Could a robot pick your peaches? How AI could transform global fruit farming

Say artificial intelligence’ and most people still think of big-budget movies and self-driving cars. But AI has come on leaps and bounds in recent years, and with the Covid-19 pandemic forcing all of us to innovate at pace, it could be ready for its big break. One firm in particular could be about to revolutionise global fruit picking.

Hollywood’s imagined applications of artificial intelligence, from Ex Machina to Blade Runner, may attract the attention but in the real-world, a range of distinctly more positive, uses of artificial intelligence have been continually expanding over the last few years.

Necessity is the mother of invention, and the global pandemic that has disrupted so much –

and tragically taken so many – has seen businesses and practices evolve quickly to new challenges, and in industries you might not expect.

As a result of the travel restrictions following the Covid-19 pandemic, there has been a global shortage of seasonal fruit pickers –  many of whom move to an area for just a few weeks or months around the harvest time of a particular fruit or vegetable. Stepping into that void, Tevel Aerobotics Technologies has developed a ‘flying autonomous robot’ (FAR) using artificial intelligence which identifies and picks fruit.

Covid-19 is only one of many factors that can mean there are not enough hands to pick fruit at the correct time, often leading to wastage within the orchard, or the fruit being sold at a fraction of its value. It is estimated that a two-week delay to picking fruit can see the end product lose a full 80 per cent of its value.

So what do the robots do?  Working 24 hours a day, they use AI perception algorithms to locate the right trees, and use vision algorithms to detect the fruit among the foliage and classify its size and ripeness. Once it’s been chosen – the algorithms ensure only the right fruit is selected – the robot then works out the best way to approach the fruit, remain stable, and then its picking arm grasps the fruit.

Multiple FAR robots can work in the same area without getting in each other’s way, as they are controlled by a single autonomous digital brain in a ground-based unit. They can even take on tasks such as pruning, trimming, and thinning of orchard trees.

Tevel wants to market its first autonomous fruit picking robot-drone by 2021, and has secured investment from Japanese agricultural machinery manufacturer Kubota. There are public concerns – the prospect of unemployment for human fruit pickers chief amongst them. But Tevel has stressed that their robots are designed to complement human fruit pickers, as opposed to replacing them.

The pandemic has been the catalyst for innovation in a whole range of artificial intelligence projects, innovations that will far outlast the ravages of Covid-19. As an investor in companies which use artificial intelligence, and given my deep interest in the  application of new technologies to traditional industries, I am especially encouraged to hear of development such as Tevel’s robots. They’ve demonstrated one of many potential uses for AI and innovation in agriculture, helping to eliminate wastage and maximise profitability.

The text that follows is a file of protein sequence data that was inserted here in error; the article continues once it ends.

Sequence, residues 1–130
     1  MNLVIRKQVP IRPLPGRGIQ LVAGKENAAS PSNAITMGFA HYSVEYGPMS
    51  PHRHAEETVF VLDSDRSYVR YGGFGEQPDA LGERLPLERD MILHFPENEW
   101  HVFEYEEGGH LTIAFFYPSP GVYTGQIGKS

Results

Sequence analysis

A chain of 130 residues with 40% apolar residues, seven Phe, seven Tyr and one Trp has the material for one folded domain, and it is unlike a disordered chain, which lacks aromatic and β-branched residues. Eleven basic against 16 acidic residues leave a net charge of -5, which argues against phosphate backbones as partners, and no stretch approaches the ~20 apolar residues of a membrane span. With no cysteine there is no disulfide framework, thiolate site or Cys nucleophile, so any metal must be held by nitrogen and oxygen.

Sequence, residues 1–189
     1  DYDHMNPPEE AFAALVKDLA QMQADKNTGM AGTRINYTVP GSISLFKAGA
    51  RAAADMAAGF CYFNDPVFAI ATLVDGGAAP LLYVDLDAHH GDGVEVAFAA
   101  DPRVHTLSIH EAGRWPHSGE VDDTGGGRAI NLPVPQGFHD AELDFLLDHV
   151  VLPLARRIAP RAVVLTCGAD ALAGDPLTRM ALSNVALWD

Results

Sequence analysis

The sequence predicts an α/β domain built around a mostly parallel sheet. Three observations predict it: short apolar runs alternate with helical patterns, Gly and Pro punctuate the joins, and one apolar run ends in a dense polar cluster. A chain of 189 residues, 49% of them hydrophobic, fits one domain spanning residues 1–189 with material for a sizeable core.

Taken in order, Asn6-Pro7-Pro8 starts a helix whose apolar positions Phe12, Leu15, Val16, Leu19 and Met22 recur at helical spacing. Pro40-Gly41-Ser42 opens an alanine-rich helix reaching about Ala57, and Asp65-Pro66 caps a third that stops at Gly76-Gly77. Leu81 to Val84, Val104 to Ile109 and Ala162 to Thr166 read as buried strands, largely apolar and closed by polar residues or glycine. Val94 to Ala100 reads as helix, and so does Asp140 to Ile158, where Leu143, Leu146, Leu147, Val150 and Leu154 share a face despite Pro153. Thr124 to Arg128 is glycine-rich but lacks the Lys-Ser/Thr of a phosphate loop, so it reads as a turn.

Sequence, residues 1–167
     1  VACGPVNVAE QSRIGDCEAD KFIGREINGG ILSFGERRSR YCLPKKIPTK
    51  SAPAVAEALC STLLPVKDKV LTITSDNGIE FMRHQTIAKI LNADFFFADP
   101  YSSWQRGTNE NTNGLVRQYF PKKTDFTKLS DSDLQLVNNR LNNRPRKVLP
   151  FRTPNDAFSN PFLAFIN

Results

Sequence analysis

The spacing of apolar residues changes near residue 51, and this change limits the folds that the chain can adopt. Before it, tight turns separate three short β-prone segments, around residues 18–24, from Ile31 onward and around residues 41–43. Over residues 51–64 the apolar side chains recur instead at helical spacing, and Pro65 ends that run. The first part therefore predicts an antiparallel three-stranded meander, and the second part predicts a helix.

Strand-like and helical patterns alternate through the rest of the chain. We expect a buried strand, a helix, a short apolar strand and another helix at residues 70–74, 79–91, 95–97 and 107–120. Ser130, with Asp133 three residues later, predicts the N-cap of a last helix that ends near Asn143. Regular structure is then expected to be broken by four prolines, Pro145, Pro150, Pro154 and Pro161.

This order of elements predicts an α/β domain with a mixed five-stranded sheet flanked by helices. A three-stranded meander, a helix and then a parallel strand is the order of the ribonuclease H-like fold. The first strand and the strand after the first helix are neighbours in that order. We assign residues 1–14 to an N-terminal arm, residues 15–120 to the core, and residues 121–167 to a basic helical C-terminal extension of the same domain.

With the need for sustainable food sources ever increasing with a growing global population, that can only be a good thing for the wider world – ensuring affordable, nutritious food is within arm’s reach of everybody around the globe.

Nicole Junkermann

Nicole Junkermann is an international entrepreneur and investor, and the founder of NJF Holdings, an international investment company with interests in venture capital, private equity, and real estate. Through NJF’s venture capital arm, NJF Capital, Nicole oversees a portfolio of over 30 start-ups across three continents, including in healthcare, FinTech, and deep tech.

eCMR: If not now, then when?

Gerry Daalhuisen • 17th July 2024

There have been several unexpected pit stops on the road to eliminating paper-based processes in logistics. But, is paper finally set to be a thing of the past?

Tackling Tech Debt

Wes van den Berg • 16th July 2024

5 years ago if you were a CIO without a cloud strategy you’d likely be out of a job. But making decisions in haste might mean businesses ended up with technology they regret, that doesn’t deliver on the promised value.

Laying the foundations for global connectivity

Waldemar Sterz • 26th June 2024

With the globalisation of trade, the axis is shifting. The world has witnessed an unprecedented rise in new digital trade routes that are connecting continents and increasing trade volumes between nations. Waldemar Sterz, CEO of Telegraph42 explains the complexities involved in establishing a Global Internet and provides insight into some of the key initiatives Telegraph42...

IoT Security: Protecting Your Connected Devices from Cyber Attacks

Miro Khach • 19th June 2024

Did you know we’re heading towards having more than 25 billion IoT devices by 2030? This jump means we have to really focus on keeping our smart devices safe. We’re looking at everything from threats to our connected home gadgets to needing strong encryption methods. Ensuring we have secure ways to talk to these devices...

Future Proofing Shipping Against the Next Crisis

Captain Steve Bomgardner • 18th June 2024

Irrespective of whether the next crisis for ship owners is war, weather or another global health event, one fact is ineluctable: recruiting onboard crew is becoming difficult. With limited shore time and contracts that become ever longer, morale is a big issue on board. The job can be both mundane and high risk. Every day...